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Wed Aug 20, 2014, 09:11 PM

Hospice begins for my Mom, tomorrow.

I am having trouble seeing this as the tears flood done my face. My sister and I have been her guardians and caregivers since July of 2010. Horrible actions taken by family members led us to secure court guardianship that year and my partner and I moved from the west coast back to the east coast, bought a two family home for the four of us.

Mom has senile dementia: possible Alzheimer's. She was diagnosed years ago. When we moved back, she still knew I was her son , after telling her my name.

For years she passed off having forgotten names as bad eye sight...she does have macular degeneration. When we moved back, she had loss the sight in her rt eye due to carelessness on the part her former caregiver.... her own daughter. Our big fear was she would go completely blind before she dies. That was a question she asked me on the way to her eye doctors, "What if I go blind before?" She never said before what. It was one of those moments in the life of dementia when a glimpse of her old self came out. And she sounded scared....like a kid. All I could do was hold her hand, assure her that THAT was not going to happen, and if it did we would be there. That was last summer. She still has peripheral vision in the left eye. She makes jokes about it and squints, making funny faces. Today she can barely open them, and when she does, she can still see.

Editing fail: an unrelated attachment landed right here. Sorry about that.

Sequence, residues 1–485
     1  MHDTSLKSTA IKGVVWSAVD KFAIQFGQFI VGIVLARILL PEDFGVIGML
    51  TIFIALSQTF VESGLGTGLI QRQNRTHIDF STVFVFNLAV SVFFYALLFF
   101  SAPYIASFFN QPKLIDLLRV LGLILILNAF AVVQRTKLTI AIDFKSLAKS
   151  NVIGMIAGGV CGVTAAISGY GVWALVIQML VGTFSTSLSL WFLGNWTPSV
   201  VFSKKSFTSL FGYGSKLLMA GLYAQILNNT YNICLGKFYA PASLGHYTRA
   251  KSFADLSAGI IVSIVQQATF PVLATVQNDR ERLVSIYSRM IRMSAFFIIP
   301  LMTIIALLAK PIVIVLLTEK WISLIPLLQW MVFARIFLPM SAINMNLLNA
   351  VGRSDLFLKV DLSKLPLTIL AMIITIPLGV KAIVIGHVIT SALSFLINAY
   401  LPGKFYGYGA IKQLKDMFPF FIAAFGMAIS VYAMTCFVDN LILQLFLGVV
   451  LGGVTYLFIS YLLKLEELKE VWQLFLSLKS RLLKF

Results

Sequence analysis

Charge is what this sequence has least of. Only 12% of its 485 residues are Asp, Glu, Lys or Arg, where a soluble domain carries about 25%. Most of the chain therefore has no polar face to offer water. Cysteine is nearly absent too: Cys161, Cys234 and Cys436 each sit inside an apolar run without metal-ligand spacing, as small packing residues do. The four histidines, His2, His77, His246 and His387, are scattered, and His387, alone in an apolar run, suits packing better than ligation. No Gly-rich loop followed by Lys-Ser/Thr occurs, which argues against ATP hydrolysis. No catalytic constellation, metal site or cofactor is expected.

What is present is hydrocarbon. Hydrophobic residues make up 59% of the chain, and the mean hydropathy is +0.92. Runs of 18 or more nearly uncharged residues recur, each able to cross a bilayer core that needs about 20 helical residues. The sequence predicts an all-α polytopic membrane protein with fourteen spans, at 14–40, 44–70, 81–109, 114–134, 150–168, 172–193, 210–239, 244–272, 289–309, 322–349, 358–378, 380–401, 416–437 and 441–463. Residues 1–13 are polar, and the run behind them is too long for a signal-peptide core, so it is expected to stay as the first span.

For a year or so, when I would drop in, The conversation went like this...
ME: "Hi, Mom! It's me, *****."
Mom: "Oh!, Hi *****. You're my son, *****? Right?"
ME: "Yup, That's me!"
Mom: eyeing my 6' , 250lb body "I gave birth to you?!? Ow ow ouch!"

Then there are the hugs. I am tall, she no longer is. I stand straight, she is almost bent double. Most people, she ends up hugging their hips. Her and me... we got it down. or rather up...When she says yes to a hug, she stands, I kneel in front of her with my arms out, I prompt her to put her arms on my shoulders. My head lays at her breast, her head rests on mine, her hand caresses my hair. With my arms gently supporting her, she can settle into a position supported on my shoulders and we time travel, I am 5 and she is 35, I am two and she is 32, I am 50 and she is 80. I let her be the first to pull back. Some times she is done quickly. A little slap on the shoulder... "you can go home now!" Sometime she lingers...humming in my ear. I pretend to fall asleep and snore. I can hear her laughter through her chest, deep and motherly. "Oh poor baby, we need to get you a bed!" other times" That's right.... you just sleep right there."


Last week after visiting, I was tending the flower pots on her front porch when she asked my sister who that nice fellow was. My sister called me by her son's name... the look on her face when said "I think my name is*****".